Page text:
*From a NewsMax blogger: “There is a remote, although gaining, possibility America’s military will intervene as a last resort to resolve the “Obama problem.” Don’t dismiss it as unrealistic.” John Perry says he doesn’t advocate a coup, yet goes on to make the case.
*Arizona congressman Trent Franks, speaking to the “How to Take Back America” conference, labeled Obama “an enemy of humanity.” His spokesperson later clarified: Franks meant “unborn humanity.” You’d think a pro-lifer would find that redundant. (Not suprisingly, Franks is a birther.)
Lisa Borders’ first commercial boasts that “she made the tough choices — no more furloughs, police walking our neighborhoods, safety in our homes.” Translation: “It may not be popular, but I’ve decided to come out against armed robbery and for better schools.”
Kasim Reed’s introductory ad promises 750 new cops, an absurdly unrealistic (and unnecessary) goal. We’re told “experts praise Kasim Reed’s plan to create centers of hope,” though no experts are listed and I have no idea what a “center of hope” is. I’d like to know how he’d pay for those hope centers, since hiring 750 cops would break the city.
Mary Norwood draws a pass because she’s yet to air a commercial.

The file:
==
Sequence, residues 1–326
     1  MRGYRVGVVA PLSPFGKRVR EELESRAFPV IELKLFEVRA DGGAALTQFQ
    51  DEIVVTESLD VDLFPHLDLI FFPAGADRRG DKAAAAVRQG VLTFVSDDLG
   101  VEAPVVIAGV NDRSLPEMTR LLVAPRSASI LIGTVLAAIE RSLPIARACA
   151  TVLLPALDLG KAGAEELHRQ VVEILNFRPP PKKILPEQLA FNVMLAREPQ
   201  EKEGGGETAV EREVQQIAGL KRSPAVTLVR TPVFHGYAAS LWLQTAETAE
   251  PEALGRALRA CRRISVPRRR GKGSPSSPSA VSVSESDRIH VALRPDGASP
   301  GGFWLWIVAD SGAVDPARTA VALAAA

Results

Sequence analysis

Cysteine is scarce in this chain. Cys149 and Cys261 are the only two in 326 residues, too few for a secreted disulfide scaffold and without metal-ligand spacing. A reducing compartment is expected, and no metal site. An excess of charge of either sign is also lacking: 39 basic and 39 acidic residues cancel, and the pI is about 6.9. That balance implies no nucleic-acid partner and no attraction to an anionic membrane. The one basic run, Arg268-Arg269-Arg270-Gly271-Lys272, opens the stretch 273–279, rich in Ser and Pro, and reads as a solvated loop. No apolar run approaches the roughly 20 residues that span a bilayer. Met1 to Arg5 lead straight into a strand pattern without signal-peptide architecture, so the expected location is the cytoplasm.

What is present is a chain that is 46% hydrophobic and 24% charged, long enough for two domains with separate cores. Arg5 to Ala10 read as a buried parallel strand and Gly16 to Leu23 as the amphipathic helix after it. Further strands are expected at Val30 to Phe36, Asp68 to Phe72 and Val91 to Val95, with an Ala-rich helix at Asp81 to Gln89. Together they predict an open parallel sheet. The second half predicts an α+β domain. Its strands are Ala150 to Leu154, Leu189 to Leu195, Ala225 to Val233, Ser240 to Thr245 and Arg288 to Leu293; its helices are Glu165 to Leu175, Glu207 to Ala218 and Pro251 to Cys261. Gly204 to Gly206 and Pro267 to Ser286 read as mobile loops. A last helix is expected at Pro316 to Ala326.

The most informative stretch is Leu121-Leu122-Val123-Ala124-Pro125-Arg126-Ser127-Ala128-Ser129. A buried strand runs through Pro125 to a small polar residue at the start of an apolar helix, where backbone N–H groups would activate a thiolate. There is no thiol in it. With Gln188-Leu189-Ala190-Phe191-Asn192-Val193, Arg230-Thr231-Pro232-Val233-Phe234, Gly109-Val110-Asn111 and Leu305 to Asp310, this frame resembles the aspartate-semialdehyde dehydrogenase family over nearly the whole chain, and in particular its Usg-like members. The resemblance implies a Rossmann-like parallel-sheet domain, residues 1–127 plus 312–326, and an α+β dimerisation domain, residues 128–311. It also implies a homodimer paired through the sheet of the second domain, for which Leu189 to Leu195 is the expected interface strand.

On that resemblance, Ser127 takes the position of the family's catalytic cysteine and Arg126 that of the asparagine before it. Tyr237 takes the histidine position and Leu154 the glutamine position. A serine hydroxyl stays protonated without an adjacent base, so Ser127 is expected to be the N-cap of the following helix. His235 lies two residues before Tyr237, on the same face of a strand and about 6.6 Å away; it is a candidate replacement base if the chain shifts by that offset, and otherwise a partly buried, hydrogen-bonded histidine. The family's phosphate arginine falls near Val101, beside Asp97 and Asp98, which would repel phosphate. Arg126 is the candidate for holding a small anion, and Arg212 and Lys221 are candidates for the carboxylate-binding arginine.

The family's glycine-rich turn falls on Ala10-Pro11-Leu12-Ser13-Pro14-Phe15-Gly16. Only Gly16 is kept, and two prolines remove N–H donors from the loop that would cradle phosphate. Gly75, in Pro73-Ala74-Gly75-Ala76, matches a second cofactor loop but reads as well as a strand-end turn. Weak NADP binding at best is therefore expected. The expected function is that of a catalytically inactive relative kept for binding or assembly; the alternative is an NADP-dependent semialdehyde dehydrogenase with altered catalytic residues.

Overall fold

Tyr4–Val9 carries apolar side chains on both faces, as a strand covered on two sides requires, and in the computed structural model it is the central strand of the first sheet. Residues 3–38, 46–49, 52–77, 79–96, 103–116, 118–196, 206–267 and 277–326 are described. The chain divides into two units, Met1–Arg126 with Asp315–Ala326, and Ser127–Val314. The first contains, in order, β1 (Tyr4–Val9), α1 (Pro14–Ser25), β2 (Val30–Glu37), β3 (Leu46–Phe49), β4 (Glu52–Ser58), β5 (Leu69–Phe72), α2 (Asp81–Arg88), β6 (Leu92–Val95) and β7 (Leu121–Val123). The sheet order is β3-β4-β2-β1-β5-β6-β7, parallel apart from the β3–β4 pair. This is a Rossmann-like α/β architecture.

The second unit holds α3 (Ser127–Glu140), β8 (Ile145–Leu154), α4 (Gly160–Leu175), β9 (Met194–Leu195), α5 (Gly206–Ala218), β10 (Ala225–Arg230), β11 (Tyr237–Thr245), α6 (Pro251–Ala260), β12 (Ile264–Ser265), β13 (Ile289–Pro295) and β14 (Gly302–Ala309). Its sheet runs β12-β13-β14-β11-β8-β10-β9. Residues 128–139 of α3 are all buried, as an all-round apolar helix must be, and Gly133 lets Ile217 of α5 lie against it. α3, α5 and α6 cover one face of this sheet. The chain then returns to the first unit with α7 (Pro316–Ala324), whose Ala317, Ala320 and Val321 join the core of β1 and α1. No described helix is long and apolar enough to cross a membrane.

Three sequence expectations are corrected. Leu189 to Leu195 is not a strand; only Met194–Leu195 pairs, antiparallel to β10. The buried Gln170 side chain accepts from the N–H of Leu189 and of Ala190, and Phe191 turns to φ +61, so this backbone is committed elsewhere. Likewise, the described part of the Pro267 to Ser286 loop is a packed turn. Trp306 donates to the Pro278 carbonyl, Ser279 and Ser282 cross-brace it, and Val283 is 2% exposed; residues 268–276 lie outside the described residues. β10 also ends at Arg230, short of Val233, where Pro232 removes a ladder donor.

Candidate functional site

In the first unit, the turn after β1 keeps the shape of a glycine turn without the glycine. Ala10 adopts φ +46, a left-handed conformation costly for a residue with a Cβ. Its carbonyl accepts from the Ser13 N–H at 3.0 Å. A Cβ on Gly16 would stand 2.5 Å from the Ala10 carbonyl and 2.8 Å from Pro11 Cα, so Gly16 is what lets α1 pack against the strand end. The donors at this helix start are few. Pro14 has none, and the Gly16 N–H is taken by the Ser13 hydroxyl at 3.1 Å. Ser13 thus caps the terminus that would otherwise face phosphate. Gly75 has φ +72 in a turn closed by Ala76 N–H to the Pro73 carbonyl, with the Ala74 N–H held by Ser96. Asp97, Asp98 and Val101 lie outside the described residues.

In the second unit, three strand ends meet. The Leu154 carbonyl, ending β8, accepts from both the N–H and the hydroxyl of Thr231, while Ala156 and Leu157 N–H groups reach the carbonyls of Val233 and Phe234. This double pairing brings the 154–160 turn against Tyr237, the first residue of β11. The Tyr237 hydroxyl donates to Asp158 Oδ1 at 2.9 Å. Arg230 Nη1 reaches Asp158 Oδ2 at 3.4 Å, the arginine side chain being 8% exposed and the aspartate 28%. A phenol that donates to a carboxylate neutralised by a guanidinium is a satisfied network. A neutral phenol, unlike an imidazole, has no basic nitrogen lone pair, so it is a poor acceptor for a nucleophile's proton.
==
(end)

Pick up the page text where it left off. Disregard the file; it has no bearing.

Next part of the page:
A vintage ad from the “dawn of the information age”:
(Thanks to Thomas for this fantastic find)
The 1996 Olympics were fun while they lasted, but things went downhill from the moment corrupt fascist facilitator Juan Antonio Samranch labeled the Atlanta games “most exceptional” (instead of the customary “best Olympics ever”).
Atlanta’s transformation into a bland, overcommercialized metropolis didn’t start in 1996, but the Olympics certainly hastened the metamorphosis. Chicago need not despair — though their weak presentation, including overstated, cliche-ridden pleas from the Obamas, was an embarrassment.
1. “The Office,” American version;
2. Steve Carrell. Meh;
4. Barack Obama. Guess what? He’s a politician;
6. Kanye West;
7. “American Beauty”;
8. Anyone and everything from Boston;
9. Football (NFL and college);
10. Atlanta. Sorry to say;
11. Alleged feminist intellect Naomi Wolf;
13. The Olympics (summer and winter);
14. Humorous professional athletes. Sportscasters are an easy audience;
15. “Boogie Nights.” For the sake of longtime Malcontenters, I’ll stop;
16. Stability in Iraq. Just because you aren’t hearing about it doesn’t mean everything’s okay;
17. The economic recovery. Unemployment’s at 10 percent, and no one I know is breathing easy;
18. So-called patriots. Yelling at Congressmen, or spreading malicious lies on cable TV, does not make you a patriot;
19. Organized religion. “Big government” wouldn’t be an isssue if ministers were as concerned about poverty as they are gay marriage;
20. Gay marriage. Equality matters more to me than participation in an antiquated religious ceremony;
21. Golf. I’d rather be stuck on the toilet for two hours with nothing to read. By the way, it’s not a sport.
So completely had Johnson cut himself off from his family and friends that Brevard police would search for five days for someone to claim his body.
Well-observed details make Steve Hummer’s account of the tragic life and death of Randy Johnson, Atlanta’s first quarterback, worth your time.